Sexual Health news - Sexual Health and Behavior

Can 'manscaping' improve sexual health?

A recent survey conducted by Cosmopolitan magazine and revealed that many men are grooming their pubic and body hair more than ever, in a process known by many as "manscaping."

The survey of 1,000 men found that 95 percent of respondents participate in some sort of body hair grooming, such as waxing, trimming and clipping. While the majority take their manscaping into their own hands, some visit professional salons. 

"Men who have a hairy back or chest definitely want to tame it with clippers or totally wax it off," California salon owner Jane Pham told Cosmopolitan. "But what I've really seen exploding recently is below-the-belt cleanup."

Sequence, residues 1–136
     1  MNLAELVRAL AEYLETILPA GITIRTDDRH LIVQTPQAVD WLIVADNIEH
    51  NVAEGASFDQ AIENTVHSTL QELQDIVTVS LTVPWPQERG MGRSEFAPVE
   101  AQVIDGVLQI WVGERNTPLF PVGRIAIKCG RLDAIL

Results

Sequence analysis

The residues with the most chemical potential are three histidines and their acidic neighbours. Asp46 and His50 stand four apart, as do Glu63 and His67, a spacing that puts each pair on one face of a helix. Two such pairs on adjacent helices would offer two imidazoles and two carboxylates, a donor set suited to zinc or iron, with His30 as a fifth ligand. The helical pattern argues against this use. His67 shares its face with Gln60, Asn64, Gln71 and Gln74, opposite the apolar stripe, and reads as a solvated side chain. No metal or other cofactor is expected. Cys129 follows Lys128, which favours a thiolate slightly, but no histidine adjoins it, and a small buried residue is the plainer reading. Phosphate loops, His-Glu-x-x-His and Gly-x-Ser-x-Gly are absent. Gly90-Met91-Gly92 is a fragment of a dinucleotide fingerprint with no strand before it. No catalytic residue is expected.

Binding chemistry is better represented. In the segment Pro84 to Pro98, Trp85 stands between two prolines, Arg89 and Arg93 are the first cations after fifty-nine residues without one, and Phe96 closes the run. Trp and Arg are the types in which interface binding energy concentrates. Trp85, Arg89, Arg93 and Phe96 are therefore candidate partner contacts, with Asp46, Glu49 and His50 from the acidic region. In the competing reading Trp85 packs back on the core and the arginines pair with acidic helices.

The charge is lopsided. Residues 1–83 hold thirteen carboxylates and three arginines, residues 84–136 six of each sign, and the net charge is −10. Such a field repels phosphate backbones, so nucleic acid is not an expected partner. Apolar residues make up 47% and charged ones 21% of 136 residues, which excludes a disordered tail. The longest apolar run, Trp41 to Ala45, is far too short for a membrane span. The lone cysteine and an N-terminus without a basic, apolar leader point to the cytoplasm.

But it's not just men who are keeping their pubic areas manicured these days. According to Bloomberg News, more than 80 percent of college students in the U.S. remove all or some of their pubic hair. It's a trend that is growing in popularity in western countries. 

Experts say the increase in trimming of pubic hair among both men and women may be behind the decline in new cases of the sexually transmitted disease pubic lice, which is also known as "crabs."

In fact, Bloomberg reported that many doctors attribute the decrease in crabs to better grooming. An Australian study even found a that a large sexual health clinic hasn't seen a woman with pubic lice since 2008 and male cases have fallen by 80 percent in the past decade.

"It used to be extremely common but now it's now rarely seen," Basil Donovan, head of sexual health at the University of New South Wales's Kirby Institute, told the news source. "Without doubt, it's better grooming."

Unlike other STDs, condom use won't prevent individuals from getting crabs. However, people with public lice may also be at an increased risk for other STDs and should discuss testing options with a healthcare professional.